State Crime Lab at URI gains international accreditation
Dave Lavallee, 401-874-5862
One of few in region to obtain such credential
KINGSTON, R.I. – May 3, 2007 – The Rhode Island State Crime Laboratory at the University of Rhode Island has been granted international accreditation, the first multi-disciplinary lab in New England to earn the designation.
Concluding a process that began in 2003, the lab has been found to be in compliance with the requirements of the International Organization for Standardization (ISO)/International Electrotechnical Commission (IEC) and Forensic Requirements for Accreditation. Following an assessment by the international division of Forensic Quality Services Inc., the lab, which is based at URI’s College of Pharmacy, was accredited on April 9, 2007. The accreditation is valid through April 2011.
Forensic Quality Services-International, which is based in Largo, Fla., is the leading provider of international accreditation to forensic science testing laboratories in the United States.
"Receiving international accreditation is the culmination of a long process by our crime lab, but more importantly, it is an outstanding testament to the professionalism of the crime lab staff, and the commitment to the lab by the University of Rhode Island," said Attorney General Patrick C. Lynch. "In an era when more people than ever are sensitive to the importance of forensic science, we are fortunate to have a resource like the Rhode Island State Crime Laboratory available."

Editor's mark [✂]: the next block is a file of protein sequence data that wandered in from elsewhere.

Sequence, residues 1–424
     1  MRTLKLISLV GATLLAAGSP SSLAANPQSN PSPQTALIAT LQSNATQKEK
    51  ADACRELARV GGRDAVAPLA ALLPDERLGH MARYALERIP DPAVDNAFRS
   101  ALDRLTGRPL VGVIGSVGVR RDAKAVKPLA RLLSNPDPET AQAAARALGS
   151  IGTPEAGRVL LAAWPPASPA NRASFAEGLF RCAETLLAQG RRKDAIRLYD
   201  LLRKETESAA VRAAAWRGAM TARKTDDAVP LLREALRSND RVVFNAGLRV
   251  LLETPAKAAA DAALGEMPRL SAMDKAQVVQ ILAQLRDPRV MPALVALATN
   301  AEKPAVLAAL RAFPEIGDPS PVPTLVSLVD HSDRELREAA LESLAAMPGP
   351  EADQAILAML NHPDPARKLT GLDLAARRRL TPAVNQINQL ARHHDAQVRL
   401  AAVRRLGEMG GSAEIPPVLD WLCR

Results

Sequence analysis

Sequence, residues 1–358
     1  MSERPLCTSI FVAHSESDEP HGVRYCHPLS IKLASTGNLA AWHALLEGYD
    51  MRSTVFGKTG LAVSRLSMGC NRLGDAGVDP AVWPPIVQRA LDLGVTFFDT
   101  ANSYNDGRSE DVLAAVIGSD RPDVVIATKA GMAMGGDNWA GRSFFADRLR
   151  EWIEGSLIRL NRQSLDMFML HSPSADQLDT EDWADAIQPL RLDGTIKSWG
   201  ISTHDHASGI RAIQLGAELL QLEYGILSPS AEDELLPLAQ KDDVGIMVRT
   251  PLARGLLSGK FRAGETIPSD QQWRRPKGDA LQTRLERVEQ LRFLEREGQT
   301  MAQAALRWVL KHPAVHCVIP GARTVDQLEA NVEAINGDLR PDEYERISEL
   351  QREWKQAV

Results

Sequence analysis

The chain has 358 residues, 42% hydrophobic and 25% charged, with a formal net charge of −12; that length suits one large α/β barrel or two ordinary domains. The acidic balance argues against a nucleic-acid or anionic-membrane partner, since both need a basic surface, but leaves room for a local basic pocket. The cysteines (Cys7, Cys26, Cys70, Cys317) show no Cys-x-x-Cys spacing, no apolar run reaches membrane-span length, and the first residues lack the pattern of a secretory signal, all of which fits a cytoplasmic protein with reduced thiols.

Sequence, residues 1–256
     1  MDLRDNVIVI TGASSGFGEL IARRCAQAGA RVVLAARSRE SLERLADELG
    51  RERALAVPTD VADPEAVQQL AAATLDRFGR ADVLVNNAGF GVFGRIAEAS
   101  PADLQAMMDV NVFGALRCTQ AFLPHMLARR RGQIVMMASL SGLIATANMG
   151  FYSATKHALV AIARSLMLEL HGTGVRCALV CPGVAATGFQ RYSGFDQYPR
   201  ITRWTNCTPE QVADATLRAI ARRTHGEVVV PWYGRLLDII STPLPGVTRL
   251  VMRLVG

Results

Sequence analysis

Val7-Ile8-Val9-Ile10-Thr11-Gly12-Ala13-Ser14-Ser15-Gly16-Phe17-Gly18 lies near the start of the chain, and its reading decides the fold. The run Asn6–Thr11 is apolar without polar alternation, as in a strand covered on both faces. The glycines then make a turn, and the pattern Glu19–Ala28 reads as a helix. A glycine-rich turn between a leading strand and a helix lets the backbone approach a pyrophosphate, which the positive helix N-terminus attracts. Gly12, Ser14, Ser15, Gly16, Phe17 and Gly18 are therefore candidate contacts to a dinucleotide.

Donald E. Letendre, dean of the College of Pharmacy, said the laboratory is an integral part of the College and the entire University. “The College takes its outreach mission seriously whether it involves medication management information, research, or providing the state with a base for its scientific criminal analysis,” said Letendre. “We are proud of the lab’s accomplishments and the leadership role that its director, Dennis Hilliard, has played in the University’s multi-disciplinary Forensic Partnership.”
The lab’s self-evaluation and visit from the assessment team were paid for by federal grants awarded to the University for the State Crime Laboratory through the Rhode Island Justice Commission. Some of the funds were directed to the State Crime Laboratory through the discretion of the Rhode Island Police Chiefs Association.